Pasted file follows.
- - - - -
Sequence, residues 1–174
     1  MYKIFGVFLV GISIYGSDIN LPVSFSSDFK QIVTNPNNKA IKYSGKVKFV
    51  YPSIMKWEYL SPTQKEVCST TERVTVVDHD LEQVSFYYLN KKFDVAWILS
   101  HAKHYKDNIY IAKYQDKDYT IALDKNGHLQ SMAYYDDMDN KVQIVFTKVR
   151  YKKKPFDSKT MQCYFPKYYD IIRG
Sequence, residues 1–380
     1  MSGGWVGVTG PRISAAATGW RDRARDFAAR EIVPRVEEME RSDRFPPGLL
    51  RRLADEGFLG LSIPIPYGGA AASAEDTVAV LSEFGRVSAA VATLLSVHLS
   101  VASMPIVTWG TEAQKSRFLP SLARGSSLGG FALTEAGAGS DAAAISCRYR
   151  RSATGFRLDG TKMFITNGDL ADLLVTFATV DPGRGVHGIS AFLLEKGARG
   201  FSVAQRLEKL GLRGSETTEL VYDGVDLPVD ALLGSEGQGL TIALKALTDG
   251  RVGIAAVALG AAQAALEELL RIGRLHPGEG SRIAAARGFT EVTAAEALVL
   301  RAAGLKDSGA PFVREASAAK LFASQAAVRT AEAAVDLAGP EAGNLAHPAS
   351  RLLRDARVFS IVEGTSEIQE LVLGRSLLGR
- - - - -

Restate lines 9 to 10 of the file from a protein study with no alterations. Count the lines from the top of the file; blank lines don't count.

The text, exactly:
   101  VASMPIVTWG TEAQKSRFLP SLARGSSLGG FALTEAGAGS DAAAISCRYR
   151  RSATGFRLDG TKMFITNGDL ADLLVTFATV DPGRGVHGIS AFLLEKGARG